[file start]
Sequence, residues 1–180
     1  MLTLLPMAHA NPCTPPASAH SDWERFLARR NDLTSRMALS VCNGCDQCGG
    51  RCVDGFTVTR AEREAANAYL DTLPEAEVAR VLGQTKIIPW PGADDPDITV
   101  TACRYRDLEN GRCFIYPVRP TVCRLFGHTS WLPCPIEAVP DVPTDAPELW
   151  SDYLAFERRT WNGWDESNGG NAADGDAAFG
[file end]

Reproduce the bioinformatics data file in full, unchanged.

Sequence, residues 1–180
     1  MLTLLPMAHA NPCTPPASAH SDWERFLARR NDLTSRMALS VCNGCDQCGG
    51  RCVDGFTVTR AEREAANAYL DTLPEAEVAR VLGQTKIIPW PGADDPDITV
   101  TACRYRDLEN GRCFIYPVRP TVCRLFGHTS WLPCPIEAVP DVPTDAPELW
   151  SDYLAFERRT WNGWDESNGG NAADGDAAFG